• Dihydroergotamine (D.H.E. 45, Migranal). Available as a nasal spray or injection, this drug is most effective when taken shortly after the start of migraine symptoms for migraines that tend to last longer than 24 hours. Side effects can include worsening of migraine-related vomiting and nausea.

    People with coronary artery disease, high blood pressure, or kidney or liver disease should avoid dihydroergotamine.

  • Lasmiditan (Reyvow). This newer oral tablet is approved for the treatment of migraine with or without aura. In drug trials, lasmiditan significantly improved headache pain. Lasmiditan can have a sedative effect and cause dizziness, so people taking it are advised not to drive or operate machinery for at least eight hours.
  • Ubrogepant (Ubrelvy). This oral calcitonin gene-related peptide receptor antagonist is approved for the treatment of acute migraine with or without aura in adults. It's the first drug of this type approved for migraine treatment. In drug trials, ubrogepant was more effective than placebo in relieving pain and other migraine symptoms such as nausea and sensitivity to light and sound two hours after taking it. Common side effects include dry mouth, nausea and excessive sleepiness. Ubrogepant should not be taken with strong CYP3A4 inhibitor drugs.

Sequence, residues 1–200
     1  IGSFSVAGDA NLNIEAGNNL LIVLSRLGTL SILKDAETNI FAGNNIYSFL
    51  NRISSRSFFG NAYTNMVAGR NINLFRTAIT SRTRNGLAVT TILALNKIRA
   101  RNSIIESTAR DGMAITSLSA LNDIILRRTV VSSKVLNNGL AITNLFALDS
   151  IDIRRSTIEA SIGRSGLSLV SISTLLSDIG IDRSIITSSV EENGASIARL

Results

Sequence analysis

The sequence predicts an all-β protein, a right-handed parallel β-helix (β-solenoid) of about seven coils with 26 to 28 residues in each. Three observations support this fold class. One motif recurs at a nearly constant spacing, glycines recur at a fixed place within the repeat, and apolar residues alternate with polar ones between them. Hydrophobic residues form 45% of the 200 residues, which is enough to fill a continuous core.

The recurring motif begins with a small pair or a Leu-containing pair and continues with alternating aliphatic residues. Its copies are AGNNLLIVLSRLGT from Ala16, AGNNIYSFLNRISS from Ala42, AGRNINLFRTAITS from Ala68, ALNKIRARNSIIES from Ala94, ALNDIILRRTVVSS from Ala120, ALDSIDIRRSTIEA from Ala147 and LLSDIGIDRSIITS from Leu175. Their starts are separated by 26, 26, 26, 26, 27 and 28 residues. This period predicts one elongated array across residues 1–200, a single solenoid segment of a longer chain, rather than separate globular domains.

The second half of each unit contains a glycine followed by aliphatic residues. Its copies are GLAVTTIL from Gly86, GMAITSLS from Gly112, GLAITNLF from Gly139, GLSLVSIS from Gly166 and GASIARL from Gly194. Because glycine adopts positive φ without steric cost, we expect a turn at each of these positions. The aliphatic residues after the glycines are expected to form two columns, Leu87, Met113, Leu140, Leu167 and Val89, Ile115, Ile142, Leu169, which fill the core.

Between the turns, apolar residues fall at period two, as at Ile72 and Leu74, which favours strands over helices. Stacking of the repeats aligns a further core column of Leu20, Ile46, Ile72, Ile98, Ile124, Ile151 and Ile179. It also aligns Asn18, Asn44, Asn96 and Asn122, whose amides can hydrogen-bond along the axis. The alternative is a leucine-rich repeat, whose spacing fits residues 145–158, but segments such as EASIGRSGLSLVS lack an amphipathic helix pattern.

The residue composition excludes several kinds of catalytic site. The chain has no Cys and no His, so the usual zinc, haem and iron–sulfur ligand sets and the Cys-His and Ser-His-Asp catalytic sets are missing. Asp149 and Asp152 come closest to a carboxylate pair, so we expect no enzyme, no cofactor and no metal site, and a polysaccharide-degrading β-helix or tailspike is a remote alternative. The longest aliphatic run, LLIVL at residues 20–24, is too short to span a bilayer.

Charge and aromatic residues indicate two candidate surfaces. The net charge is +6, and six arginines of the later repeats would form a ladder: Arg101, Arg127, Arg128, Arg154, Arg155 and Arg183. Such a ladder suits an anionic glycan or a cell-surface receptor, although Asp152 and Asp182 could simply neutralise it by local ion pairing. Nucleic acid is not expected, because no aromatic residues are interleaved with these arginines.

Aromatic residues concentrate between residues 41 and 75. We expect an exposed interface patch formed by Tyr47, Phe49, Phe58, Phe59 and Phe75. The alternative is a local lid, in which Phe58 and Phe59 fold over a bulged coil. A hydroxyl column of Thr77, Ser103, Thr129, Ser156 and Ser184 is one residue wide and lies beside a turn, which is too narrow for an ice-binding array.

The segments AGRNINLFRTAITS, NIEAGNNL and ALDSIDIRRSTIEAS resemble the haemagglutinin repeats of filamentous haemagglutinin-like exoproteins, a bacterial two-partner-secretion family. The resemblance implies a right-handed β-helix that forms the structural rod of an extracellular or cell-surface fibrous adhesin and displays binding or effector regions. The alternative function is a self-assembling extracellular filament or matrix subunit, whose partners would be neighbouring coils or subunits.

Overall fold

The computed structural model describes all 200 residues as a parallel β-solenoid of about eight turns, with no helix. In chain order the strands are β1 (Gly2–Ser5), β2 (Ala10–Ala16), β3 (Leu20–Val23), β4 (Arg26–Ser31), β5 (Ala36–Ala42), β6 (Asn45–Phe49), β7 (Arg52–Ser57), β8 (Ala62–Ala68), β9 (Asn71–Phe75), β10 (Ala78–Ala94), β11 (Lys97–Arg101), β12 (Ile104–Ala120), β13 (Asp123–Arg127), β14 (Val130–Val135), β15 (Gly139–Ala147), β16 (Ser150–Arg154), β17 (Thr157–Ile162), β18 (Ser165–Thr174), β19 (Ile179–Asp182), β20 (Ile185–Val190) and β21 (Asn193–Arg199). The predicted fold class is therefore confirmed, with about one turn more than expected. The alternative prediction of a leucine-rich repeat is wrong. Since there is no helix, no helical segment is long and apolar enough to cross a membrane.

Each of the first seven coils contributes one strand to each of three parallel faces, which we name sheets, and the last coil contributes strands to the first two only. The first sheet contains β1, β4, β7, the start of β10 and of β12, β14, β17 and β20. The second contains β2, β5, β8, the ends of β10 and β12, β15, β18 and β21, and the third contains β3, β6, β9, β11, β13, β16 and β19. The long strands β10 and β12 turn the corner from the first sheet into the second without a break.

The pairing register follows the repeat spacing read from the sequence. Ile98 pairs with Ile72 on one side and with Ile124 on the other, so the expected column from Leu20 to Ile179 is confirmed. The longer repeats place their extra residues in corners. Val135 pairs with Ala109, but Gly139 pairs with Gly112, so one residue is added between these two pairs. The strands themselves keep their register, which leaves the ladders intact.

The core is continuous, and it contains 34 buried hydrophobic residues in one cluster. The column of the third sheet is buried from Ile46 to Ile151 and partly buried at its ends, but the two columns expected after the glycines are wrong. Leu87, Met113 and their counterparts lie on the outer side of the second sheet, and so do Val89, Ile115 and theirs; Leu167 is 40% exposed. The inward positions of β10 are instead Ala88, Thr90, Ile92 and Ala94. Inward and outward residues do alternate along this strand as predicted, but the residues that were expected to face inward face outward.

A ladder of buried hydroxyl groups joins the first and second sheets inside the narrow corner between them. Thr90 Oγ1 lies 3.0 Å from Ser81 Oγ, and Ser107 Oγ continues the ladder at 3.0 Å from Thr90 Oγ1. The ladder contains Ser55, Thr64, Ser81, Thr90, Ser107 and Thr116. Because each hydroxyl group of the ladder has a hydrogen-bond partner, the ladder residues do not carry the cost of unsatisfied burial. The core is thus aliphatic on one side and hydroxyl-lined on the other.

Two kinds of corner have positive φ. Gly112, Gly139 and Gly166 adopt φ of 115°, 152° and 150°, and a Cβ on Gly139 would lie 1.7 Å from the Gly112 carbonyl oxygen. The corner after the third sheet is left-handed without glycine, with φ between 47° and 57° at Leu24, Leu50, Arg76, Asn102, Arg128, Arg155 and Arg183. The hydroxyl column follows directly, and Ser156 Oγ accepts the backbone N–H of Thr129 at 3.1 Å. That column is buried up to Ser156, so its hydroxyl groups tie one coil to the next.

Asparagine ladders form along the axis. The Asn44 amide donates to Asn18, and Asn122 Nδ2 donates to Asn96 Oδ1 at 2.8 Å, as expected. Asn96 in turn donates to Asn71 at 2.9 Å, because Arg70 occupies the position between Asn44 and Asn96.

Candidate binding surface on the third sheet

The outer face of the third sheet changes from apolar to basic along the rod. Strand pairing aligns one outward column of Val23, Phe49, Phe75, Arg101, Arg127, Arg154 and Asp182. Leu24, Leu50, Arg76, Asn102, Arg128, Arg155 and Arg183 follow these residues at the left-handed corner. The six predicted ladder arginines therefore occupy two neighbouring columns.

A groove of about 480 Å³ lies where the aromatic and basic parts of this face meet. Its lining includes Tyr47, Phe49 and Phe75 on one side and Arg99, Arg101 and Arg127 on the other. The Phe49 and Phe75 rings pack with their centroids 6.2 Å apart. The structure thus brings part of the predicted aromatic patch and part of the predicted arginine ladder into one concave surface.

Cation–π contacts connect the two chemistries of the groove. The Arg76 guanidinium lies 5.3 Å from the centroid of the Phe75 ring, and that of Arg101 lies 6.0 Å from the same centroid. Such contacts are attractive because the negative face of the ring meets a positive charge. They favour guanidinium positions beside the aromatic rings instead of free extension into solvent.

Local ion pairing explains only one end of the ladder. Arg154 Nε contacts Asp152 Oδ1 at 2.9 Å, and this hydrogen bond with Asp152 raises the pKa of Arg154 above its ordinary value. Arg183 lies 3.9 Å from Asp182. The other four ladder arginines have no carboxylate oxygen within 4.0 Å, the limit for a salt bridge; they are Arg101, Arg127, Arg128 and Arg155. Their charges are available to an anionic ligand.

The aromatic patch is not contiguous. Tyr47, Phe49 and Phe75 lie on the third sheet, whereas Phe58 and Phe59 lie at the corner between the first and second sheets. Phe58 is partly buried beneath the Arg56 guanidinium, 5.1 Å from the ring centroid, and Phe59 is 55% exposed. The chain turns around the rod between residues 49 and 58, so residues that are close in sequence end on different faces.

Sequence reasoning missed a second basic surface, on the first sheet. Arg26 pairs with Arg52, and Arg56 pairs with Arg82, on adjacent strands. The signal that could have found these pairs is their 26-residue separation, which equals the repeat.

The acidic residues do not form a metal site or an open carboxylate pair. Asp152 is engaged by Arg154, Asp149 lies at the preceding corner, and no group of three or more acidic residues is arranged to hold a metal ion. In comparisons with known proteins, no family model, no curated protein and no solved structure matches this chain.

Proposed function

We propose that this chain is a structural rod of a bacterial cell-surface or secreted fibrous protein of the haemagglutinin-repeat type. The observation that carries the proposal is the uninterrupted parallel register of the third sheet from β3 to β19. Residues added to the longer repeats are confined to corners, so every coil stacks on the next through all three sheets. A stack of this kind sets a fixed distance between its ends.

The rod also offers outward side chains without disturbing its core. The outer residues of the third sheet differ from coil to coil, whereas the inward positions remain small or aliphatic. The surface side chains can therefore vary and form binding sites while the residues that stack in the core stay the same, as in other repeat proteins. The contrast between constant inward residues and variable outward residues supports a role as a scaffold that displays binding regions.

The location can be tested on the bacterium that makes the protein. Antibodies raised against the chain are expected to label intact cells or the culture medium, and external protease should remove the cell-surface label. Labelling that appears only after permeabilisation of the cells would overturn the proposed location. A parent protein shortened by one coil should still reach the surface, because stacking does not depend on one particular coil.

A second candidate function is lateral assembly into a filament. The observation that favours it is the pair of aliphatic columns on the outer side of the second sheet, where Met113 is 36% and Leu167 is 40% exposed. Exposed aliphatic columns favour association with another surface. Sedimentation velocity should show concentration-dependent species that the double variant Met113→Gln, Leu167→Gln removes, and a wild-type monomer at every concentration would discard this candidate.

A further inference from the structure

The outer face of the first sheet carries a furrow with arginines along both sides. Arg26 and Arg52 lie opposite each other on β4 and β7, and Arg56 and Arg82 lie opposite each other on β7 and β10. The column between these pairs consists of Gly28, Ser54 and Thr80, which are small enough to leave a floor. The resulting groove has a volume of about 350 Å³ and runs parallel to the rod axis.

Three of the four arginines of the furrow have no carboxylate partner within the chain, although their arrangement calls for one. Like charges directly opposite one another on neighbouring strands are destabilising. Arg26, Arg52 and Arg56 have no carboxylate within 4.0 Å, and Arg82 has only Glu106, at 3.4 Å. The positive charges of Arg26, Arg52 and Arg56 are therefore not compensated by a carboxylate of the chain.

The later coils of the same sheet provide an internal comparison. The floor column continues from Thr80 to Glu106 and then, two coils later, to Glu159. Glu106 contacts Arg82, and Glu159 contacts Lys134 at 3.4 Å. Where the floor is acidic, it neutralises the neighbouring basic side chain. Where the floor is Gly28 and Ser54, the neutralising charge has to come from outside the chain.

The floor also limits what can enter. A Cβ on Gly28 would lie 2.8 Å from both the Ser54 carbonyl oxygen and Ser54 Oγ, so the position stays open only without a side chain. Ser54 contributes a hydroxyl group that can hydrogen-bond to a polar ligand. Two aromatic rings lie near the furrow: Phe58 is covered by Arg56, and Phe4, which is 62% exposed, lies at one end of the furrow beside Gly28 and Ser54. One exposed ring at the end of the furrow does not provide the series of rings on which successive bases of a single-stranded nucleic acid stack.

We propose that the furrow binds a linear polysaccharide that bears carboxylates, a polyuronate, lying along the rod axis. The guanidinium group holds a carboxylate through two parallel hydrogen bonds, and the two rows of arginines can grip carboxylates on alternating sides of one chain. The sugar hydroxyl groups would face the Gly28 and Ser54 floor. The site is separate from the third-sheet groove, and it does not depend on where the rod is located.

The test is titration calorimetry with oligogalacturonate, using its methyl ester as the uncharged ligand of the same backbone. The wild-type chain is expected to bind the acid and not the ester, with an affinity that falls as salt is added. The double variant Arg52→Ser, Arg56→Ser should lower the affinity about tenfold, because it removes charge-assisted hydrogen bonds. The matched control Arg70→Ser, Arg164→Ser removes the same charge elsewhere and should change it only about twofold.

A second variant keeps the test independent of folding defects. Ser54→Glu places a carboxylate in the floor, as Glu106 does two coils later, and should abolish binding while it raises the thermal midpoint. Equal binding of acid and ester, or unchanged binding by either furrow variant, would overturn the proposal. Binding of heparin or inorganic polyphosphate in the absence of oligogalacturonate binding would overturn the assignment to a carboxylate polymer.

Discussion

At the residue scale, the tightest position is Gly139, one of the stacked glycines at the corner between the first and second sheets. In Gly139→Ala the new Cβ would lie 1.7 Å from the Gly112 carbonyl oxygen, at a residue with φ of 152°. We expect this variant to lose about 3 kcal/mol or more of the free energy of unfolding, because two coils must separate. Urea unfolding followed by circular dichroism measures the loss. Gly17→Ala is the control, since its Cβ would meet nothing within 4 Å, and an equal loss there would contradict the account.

• CGRP antagonists. Ubrogepant (Ubrelvy) and rimegepant (Nurtec ODT) are oral CGRP antagonists recently approved for the treatment of acute migraine with or without aura in adults. In drug trials, drugs from this class were more effective than placebo in relieving pain and other migraine symptoms such as nausea and sensitivity to light and sound two hours after taking it. Common side effects include dry mouth, nausea and excessive sleepiness. Ubrogepant and rimegepant should not be taken with strong CYP3A4 inhibitor drugs.